by Dispatch by Jay Gabler
January 7, 2008
Jay Gabler investigates the story behind the creation of a new website, "St. Planet," which aims to capture a hip young online audience for cultural organizations in St. Paul. Check it out and decide for yourself whether or not they're on the right track.
You are a “culturenaut.” In the form of a winged robot, or a space-helmeted bovine,
or a bulbous humanoid with a rocket pack, you drift placidly above Minnesota’s capital city. As a culturenaut, you perceive the natural landscape only dimly; centers of industry and commerce appear as vague shadows. Cultural institutions, however (including Landmark Center, the Minnesota Museum of American Art, and the Children’s Museum) loom large, flashing with colors and spawning informational text balloons as you fly past. When you ascend into mustard-tinted clouds, you encounter a number of strange images, among them a flying sundial (The History Theatre), an oversized dandelion (New Breath Productions), and a stack of firewood (Minnesota Woodturners Association).
This hallucinatory experience, previously accessible only by sitting in Rice Park alternating puffs on a Winston Light with sniffs on a Magic Marker, is now available to anyone with an internet connection thanks to the efforts of the Arts and Culture Partnership of St. Paul (ACP). The twelve-year-old ACP, a non-profit organization dedicated to promoting the capital’s cultural scene, recently unveiled its new web site (stpaulculture.com
), which carries the moniker “St. Planet.”
The site was designed with the aim of orienting young adults to the cultural institutions east of the Mississippi. “We want people to think ‘arts and culture’ when they think ‘St. Paul,’” says ACP marketing chair Sarah Fossen. “We don’t want people thinking the Science Museum
is in Minneapolis, or going to the Ordway
and thinking they’re in Bloomington.”
When ACP decided to revamp their web site, Fossen approached Periscope, a Minneapolis advertising firm that Fossen describes as “very forward-thinking.” Periscope accepted the commission, with a mandate from Fossen and ACP to “think big, think award-winning.”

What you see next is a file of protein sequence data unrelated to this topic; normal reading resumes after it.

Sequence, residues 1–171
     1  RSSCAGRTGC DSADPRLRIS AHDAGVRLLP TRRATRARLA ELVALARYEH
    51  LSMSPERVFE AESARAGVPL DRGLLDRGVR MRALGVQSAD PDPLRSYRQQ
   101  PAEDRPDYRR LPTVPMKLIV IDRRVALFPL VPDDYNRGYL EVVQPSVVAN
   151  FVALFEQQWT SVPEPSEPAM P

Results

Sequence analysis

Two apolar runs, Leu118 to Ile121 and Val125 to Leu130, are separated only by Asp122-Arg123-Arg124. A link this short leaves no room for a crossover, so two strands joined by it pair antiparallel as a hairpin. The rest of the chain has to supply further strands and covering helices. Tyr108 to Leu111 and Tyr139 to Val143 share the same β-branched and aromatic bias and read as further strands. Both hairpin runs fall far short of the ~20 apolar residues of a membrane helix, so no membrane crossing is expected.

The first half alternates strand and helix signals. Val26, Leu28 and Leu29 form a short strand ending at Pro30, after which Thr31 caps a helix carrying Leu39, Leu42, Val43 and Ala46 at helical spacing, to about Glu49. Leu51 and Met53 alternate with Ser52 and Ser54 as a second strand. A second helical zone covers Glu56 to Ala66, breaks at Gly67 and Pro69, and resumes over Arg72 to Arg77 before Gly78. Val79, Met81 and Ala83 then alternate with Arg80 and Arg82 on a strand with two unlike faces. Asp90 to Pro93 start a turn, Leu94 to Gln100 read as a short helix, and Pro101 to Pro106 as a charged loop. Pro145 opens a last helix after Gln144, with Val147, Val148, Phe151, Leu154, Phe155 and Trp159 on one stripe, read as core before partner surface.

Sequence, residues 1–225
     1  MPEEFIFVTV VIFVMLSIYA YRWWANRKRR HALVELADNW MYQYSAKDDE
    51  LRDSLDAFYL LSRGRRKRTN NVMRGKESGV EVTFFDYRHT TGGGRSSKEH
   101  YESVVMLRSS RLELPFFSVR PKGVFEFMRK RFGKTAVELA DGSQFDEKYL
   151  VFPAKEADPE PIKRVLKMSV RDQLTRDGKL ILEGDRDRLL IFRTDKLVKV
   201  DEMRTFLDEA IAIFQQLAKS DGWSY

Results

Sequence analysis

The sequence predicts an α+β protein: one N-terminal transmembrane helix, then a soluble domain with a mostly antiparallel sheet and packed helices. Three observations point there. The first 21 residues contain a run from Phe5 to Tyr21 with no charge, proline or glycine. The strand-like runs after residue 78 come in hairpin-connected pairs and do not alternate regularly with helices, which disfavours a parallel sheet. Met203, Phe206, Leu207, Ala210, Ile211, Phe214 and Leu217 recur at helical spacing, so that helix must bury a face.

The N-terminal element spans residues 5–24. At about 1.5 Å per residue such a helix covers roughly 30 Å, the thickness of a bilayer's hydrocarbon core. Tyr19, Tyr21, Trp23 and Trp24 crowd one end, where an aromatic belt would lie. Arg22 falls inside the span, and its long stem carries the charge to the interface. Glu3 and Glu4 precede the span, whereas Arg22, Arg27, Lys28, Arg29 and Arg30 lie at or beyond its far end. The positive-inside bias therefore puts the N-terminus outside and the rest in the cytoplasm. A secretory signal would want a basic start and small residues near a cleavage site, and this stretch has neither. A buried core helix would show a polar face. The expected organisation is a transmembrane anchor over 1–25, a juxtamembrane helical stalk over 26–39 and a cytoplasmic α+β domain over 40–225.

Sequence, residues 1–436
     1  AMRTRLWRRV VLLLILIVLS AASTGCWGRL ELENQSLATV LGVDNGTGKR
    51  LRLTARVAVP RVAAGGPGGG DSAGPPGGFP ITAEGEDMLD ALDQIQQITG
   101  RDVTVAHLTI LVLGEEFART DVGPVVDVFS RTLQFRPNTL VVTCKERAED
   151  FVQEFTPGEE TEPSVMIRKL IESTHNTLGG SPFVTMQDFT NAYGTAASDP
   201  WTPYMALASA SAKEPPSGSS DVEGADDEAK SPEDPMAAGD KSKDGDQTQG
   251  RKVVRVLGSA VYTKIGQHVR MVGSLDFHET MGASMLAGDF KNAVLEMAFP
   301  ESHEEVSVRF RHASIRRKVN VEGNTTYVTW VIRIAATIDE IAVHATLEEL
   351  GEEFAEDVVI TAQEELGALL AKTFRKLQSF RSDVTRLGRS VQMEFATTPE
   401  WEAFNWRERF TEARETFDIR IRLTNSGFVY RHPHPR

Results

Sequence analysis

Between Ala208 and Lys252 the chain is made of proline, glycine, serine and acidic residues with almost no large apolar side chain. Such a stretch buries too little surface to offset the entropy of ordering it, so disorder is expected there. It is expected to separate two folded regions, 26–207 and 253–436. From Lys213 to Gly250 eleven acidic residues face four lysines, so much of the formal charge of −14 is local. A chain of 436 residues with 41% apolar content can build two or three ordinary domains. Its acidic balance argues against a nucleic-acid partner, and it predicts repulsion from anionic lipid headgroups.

Tom Flint, head of the Periscope team that designed the site, described the project as “a great opportunity for us. We had a completely open table, with no specific mandatories from the client. Our team took that and ran with it, and we ended up with what we feel is a pretty unique approach.” Working with what Flint describes as “a very limited budget,” Periscope donated time and resources that would normally cost a client, in Flint’s estimation, “well into the tens of thousands of dollars.”
ACP is a membership organization, and a large portion of its operating budget—which has averaged approximately $55,000 annually for the past few years, according to Fossen—comes in the form of annual fees paid by its members on a sliding scale. Member organizations contribute fees ranging from $50 (for organizations with annual operating budgets under $100,000) to $3,750 (for organizations with annual budgets in excess of $10 million). ACP has also received grants from donors including the Travelers Companies and Bruce Larson.
Through its Cultural STAR (Sales Tax Revitalization) program, the City of St. Paul contributed $15,000 to the development and marketing of the St. Planet site. Joe Spencer, the mayor’s Policy Associate for Arts and Culture, praised ACP’s site as “by far the most successful” among many recent attempts by various organizations to centralize St. Paul event listings. Spencer says he is “tremendously impressed” by ACP’s partnership with The Rake magazine
, which powers the site’s event listings (accessible by flying one’s animated culturenaut down to an “idea blaster” button). The Rake
receives payment for its work on the event listings, but The Rake